Federal Minister of Innovation, Science and Industry brings carbon reduction plan to Saskatoon

The Minister of Innovation, Science and Industry visited the City of Saskatoon today with a plan to reduce carbon emission through the concrete industry. Global News

François-Philippe Champagne, federal Minister of Innovation, Science and Industry, travelled to Saskatoon on Wednesday to introduce a plan to position Canada as a world leader in the production and export of low-carbon cement and concrete.

The Roadmap to Net-Zero Carbon Concrete aims to eliminate more than 15 million tonnes of greenhouse gas emissions by 2030, or the equivalent of taking three million cars off of the road. The longer-term goal is to reach true net zero by 2050.

Concrete is the most used building material on the planet and accounts for seven per cent of global CO2 emissions and 1.5 per cent of Canada’s.

“Canada’s cement and concrete industry is a leader in the fight to stop climate change,” said Adam Auer, president and CEO of the Cement Association of Canada.

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The industry is working in collaboration with the Government of Canada and industry partners in the construction chain, Auer said.

“We know we can’t do it alone. Together with government, we will continue to support innovation and investment needed on our path to delivering net-zero concrete, while at the same time preserving (concrete’s) properties as a durable, resilient, versatile and cost-effective material,” Auer said

Champagne said that with the partnership, Canada will become a world-leading producer and exporter of low-carbon cement and concrete.

“This will increase the adoption of low-carbon cement and concrete, leading to more jobs, more growth, and a healthier environment for all Canadians,” Champagne said.

“Together, we are working toward a more sustainable world that achieves net zero by 2050 and advances Canada’s commitment to clean growth.”

“We all understand that decarbonizing concrete is a necessity,” Champagne said. “If we’re going to build hundreds of billions of infrastructure over the next decades, we might as well do it in a sustainable way. It’s not only the right thing to do but it’s also the smart thing to do.”

“Cement is the second most consumed product on earth. So, you understand why we are here this morning,” Champagne said Wednesday.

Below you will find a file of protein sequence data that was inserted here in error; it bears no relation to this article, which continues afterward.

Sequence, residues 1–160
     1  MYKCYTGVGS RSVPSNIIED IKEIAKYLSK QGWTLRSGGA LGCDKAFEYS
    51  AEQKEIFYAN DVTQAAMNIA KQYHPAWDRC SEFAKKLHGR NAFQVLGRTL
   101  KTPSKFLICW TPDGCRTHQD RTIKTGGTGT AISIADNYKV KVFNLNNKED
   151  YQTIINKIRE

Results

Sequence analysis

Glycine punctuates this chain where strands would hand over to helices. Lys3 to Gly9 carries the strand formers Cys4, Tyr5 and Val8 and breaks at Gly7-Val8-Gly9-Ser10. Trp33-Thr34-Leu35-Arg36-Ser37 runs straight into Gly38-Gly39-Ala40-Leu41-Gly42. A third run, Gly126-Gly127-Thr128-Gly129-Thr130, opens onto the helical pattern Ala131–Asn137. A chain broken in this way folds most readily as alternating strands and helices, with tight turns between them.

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This commitment will be funded by the $15-billion Canada Growth Fund which was created to work towards decarbonization and clean tech projects.

Canada is beginning this initiative by committing to co-lead the Glasgow Breakthrough on Cement and Concrete. This agenda will allow countries and businesses to join up and strengthen their actions through public and private global initiatives.

“Canada’s commitment to co-lead the new Glasgow Breakthrough on Cement and Concrete will provide a significant opportunity to demonstrate its global leadership in driving the adoption of low-carbon cement products and solutions,” the Government of Canada said in a media release.

“It will also bring global visibility to the measures and actions developed with the Cement Association of Canada and presented in the Roadmap to Net-Zero Carbon Concrete by 2050.”

The announcement was hosted by Burnco Rock Products Ltd., a fourth-generation family business in Saskatoon.

“We see the land as a very important gift of creation that we are the stewards of during the time that we are in possession of it,” said Tom Zias, CEO.

“These things are critically important when we think about the future generations associated with the BURNCO family, with the communities that we participate in, with the customers that demand our products to create this critical, sustainable infrastructure. It is a privilege to be part of this announcement from an ambitious initiative perspective.”

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